The recent strike by the tea workers has brought national attention to a largely forgotten community of Bangladesh. Very little is known about their ethnic identity, culture or what they think about their lives in general. Although several studies have been carried out by various agencies including UN agencies, they have not reached the public space. It is because the public are not interested in their life and living. They care about their cup of tea but not the tea workers. This is only natural but the reason is that Bangladesh's majority population group's shushil middle class are narrow in their interest zone. They appear to less interested learning about their own citizens facing both structural and incidental discrimination. Not much will change soon but it’s important that an information stream be created to let people know about the way of life of the tea workers. Following is a brief profile of this population group which draws upon several studies including once done by the ILO. Tea plantation workers were brought to the Sylhet zone by British companies and belong to several ethnic and cultural groups. For a long while, only these workers imported from outside Bengal were working in the gardens. However, over time, a few Bengali workers from Barisal and Comilla have also been found among the tea workers. Also read: Tea garden workers continue strike in Sylhet Many of the workers originate from Orissa and they speak Deshali which has a significant Bengali mix. There are workers who speak Bhojpuri also. Some speak modified Hindi. Asomiya, Oran,Munda, Telugu and Santali speakers have also been found. All these languages and dialects have mixed together to produce a tea-garden hybrid spoken by the workers. Ethnic groups include Lohar, RobiDas, Bagdee, Bhumij, Bauri, Bahadur, Nayek, Rikiason, Shobdokar, Ashon, Naidu, Donia, Rai, Munda,Chotree, Patra, Kalindee,Kumir, Halder, Kondo, Bhumia, Orao,Santal, Mahali, Barai,Rajbhar, Pashi,Kharia, Goala,Munda, Bunargee, Nunia, Uria, Kaloar, Bhuian, Kurmi and Khasis. They are marginalized Hindu groups from different parts of eastern India as well indigenous groups. However, their ancient tradition is not practiced by most. Bangladesh Adivasi Forum also does not recognize most of the communities as "indigenous " either. Marginalization Very few of them are receiving higher education and employed outside the tea plantations. They also fear discrimination in the outside world. A college teacher, son of a tea garden worker, said that educated youth are not keen to return to plantation life. Most stay away from their tea garden origins and generally hide their identity. Given the kind of image, social status and public perception they have, this is only natural. Most of the workers are Hindus while some also practice animism. Christians and Muslims are very few but are there. Singing, dancing particularly Jhumur and lathi dance are popular during festivals. Durga Puja is the most popular cultural and religious festival. Also read: Moulvibazar tea workers resume strike defying union leaders’ decision They are considered both a lower class and caste and largely avoided by Bengalis as a community. Most workers are intimidated by Bengalis so there is no inter-mixing. Language is also a barrier. As they speak little fluent Bangla, chances of mixing is also low. Interestingly, there are some groups –indigenous - who are not tea workers but who live in the plantation area. They are now being threatened with eviction. Access to economics and social services Very few receive any form of GOB assistance (7.5%) and they are mostly excluded from any kind of government social safety programs. NGOs provide some services including credit, primary and non-formal education and sanitation etc. However, these were very inadequate. Around (56%) were members of credit groups but they were not able to say what their own savings were or what they planned to do with it. Wages + 90% of the workers are unsatisfied with their wages. 78% felt hugely overworked and 57% were unhappy with their work hours. Job security was satisfactory as it meant a lifetime employment but 60% were not happy with their workplace safety. Around 63% said that their rights were violated but few had any idea what their rights were. Both workers and trade union leaders think education is fundamental for change and believe that if their children are to have a better life, education is out. But the opportunity for education was hugely limited with almost no post primary schools in the plantations. And outside schools cost money and they have none of that. Most felt that lack of education condemned their life to servitude in the garden. One factor that kept them tied to the gardens was housing facilities so this acted as a malicious glue to the plantations even though many thought their life was one of high denial. Workers who have cultivated land that are sub-leased from the gardens are now being taken away by the owners and the government on the grounds of garden space extension or new gardens. The profile shows that this community made up of several ethnic groups were some of the most discriminated against with no bargaining power. Not only is their life crushingly difficult but there are few options on the table for them to use as an escape route. It’s a life about intergenerational condemnation to a life which was not their choice to begin and continues to be the same.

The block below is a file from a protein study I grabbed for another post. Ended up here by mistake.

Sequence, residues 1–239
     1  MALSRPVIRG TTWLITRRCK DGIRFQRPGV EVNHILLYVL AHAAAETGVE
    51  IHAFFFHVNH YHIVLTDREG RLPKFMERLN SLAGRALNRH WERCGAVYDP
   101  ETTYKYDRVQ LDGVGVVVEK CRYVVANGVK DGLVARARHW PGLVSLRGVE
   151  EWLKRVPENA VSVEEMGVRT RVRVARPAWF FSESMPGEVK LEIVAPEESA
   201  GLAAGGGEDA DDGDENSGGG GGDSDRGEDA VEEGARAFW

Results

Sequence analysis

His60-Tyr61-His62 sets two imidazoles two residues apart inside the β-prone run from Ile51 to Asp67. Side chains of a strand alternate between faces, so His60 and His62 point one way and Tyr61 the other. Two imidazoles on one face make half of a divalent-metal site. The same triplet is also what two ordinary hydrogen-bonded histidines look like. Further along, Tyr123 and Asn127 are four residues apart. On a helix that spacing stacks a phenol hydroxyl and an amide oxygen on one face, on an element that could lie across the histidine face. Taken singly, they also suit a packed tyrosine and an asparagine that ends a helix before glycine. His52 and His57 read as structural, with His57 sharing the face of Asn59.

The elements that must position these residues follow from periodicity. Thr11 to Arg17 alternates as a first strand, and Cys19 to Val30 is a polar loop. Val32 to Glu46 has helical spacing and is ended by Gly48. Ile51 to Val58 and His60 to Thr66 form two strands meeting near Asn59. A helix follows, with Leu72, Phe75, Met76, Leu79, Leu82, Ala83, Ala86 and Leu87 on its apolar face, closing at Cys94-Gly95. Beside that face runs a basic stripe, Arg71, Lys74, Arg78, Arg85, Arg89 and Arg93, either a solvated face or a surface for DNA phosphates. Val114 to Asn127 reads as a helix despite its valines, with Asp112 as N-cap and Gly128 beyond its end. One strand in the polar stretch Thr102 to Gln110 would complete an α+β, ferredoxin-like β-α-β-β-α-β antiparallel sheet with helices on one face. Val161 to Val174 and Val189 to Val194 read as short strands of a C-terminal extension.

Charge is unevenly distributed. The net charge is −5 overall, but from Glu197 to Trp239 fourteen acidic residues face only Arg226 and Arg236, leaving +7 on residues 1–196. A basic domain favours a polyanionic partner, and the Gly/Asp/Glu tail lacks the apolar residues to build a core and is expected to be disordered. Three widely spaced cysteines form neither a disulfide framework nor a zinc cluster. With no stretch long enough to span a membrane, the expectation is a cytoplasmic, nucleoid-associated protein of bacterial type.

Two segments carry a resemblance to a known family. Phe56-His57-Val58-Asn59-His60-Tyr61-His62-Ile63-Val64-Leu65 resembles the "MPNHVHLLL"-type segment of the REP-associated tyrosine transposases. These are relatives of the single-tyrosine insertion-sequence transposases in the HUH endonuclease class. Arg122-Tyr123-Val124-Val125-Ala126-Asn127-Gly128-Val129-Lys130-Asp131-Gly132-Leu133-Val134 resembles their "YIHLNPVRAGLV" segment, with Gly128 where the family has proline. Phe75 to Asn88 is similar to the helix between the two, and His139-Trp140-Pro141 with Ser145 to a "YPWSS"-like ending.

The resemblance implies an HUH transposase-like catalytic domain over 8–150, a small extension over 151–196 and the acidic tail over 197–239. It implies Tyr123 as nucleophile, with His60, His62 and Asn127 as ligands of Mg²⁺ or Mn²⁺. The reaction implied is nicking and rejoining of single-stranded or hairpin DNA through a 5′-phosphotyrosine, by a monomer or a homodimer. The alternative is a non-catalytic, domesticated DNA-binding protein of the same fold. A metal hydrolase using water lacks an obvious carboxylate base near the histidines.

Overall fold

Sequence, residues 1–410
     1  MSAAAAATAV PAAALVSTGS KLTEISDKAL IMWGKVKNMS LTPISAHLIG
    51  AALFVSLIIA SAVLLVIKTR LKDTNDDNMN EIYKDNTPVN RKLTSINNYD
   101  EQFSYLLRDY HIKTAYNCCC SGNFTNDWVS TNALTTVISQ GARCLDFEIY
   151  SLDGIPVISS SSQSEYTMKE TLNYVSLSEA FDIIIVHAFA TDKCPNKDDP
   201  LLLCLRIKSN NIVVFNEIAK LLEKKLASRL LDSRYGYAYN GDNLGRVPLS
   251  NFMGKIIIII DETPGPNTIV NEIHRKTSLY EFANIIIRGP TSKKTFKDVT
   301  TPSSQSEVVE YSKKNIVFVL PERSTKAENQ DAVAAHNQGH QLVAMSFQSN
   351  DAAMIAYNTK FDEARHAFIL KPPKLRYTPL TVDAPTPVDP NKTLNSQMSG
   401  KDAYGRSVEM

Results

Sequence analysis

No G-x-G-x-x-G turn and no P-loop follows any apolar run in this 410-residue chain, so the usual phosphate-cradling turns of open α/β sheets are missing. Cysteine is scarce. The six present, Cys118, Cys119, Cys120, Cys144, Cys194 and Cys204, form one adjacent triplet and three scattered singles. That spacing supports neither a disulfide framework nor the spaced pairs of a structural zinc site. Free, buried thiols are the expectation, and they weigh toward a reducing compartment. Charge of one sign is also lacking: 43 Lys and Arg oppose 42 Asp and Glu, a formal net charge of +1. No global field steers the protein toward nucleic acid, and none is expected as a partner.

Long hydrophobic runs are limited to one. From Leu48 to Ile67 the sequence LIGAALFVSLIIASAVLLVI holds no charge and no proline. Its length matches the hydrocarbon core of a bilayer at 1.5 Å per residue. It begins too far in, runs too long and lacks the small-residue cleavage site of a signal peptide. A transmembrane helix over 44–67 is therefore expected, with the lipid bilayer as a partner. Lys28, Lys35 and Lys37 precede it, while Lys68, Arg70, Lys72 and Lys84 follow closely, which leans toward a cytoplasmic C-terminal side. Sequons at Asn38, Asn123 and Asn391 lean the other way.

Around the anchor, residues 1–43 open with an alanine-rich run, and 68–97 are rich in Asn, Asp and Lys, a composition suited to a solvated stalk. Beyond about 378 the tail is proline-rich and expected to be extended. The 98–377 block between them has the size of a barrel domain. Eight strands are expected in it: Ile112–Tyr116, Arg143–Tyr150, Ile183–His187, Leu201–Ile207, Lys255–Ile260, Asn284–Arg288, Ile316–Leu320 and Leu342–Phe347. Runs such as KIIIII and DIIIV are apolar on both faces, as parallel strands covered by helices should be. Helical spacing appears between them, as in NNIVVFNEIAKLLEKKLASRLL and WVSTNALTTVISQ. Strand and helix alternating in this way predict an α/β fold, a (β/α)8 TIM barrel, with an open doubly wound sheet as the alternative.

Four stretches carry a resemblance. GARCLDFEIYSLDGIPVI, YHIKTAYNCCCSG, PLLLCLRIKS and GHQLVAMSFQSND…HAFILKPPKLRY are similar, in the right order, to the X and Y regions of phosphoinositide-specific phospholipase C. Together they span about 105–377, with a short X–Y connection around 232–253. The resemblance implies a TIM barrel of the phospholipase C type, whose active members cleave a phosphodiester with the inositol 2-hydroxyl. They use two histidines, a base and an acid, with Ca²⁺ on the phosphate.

Tea garden workers in Moulvibazar resumed strike Tuesday noon disobeying the decision of the leaders of Bangladesh Tea Workers Union. Most of the workers in different upazilas joined work Monday morning upon assurance from Prime Minister Sheikh Hasina to settle the issue. Later, a group of workers brought out a procession abstaining from work at noon for raising their wage to Tk 300 from Tk 120. Workers said that they didn’t see or hear PM’s directive regarding wage hike on television. “The leaders are asking us to join work in the name of the Prime Minister,” said Aban Tanti of Sreemangal Kalighat tea garden. Tea workers blocked railway track in School Choumhani area in Kulaura upazila and Moulvibazar-Kulaura regional road around 4 pm today. The agitated workers stopped the Sylhet-bound ‘Paharika Express’ train, snapping the country’s rail communication with Sylhet for an hour. Later, they withdrew their blockade after an hour on request of Kulaura Upazila Administration, Municipality Mayor, Kulaura Police Station Officer-in-Charge (OC). Besides, the workers in Lachna area of Sreemangal demonstrated on Dhaka-Moulvibazar road in front of Sreemangal Labor House and in various tea gardens including Maulvi tea garden in Samsher Nagar and Kamalganj upazilas. Santan Raghav Goala, a worker of Sreemangal Khaichra tea garden, said, “Why did we go on a strike for so long if we have to return to work with the previous wage?” Dilip Bhuiya of the same garden said they will not return to work until PM’s announcement on fixing daily wage at Tk 300. Meanwhile, workers in Kulaura, Baralekha, Juri, Rajnagar Kamalganch upazila joined their work at various tea gardens and were seen working in the gardens spontaneously, said Javed Ali, assistant manager of Kulaura Gazipur tea garden. Bijay Hazra, organising secretary of tea workers union said, “We are joining work. I hope the Prime Minister will consider our demands soon.” Read:Tea workers: Chasm opens up over 3am deal signed without workers' knowledge